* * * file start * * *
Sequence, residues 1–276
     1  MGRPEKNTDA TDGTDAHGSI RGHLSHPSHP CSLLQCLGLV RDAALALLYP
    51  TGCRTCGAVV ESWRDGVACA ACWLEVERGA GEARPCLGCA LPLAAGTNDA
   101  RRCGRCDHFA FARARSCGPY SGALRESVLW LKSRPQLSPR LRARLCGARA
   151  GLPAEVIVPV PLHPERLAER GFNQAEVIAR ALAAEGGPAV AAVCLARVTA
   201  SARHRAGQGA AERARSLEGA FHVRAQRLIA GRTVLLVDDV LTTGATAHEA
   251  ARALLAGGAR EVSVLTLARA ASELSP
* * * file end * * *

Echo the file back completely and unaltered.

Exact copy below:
Sequence, residues 1–276
     1  MGRPEKNTDA TDGTDAHGSI RGHLSHPSHP CSLLQCLGLV RDAALALLYP
    51  TGCRTCGAVV ESWRDGVACA ACWLEVERGA GEARPCLGCA LPLAAGTNDA
   101  RRCGRCDHFA FARARSCGPY SGALRESVLW LKSRPQLSPR LRARLCGARA
   151  GLPAEVIVPV PLHPERLAER GFNQAEVIAR ALAAEGGPAV AAVCLARVTA
   201  SARHRAGQGA AERARSLEGA FHVRAQRLIA GRTVLLVDDV LTTGATAHEA
   251  ARALLAGGAR EVSVLTLARA ASELSP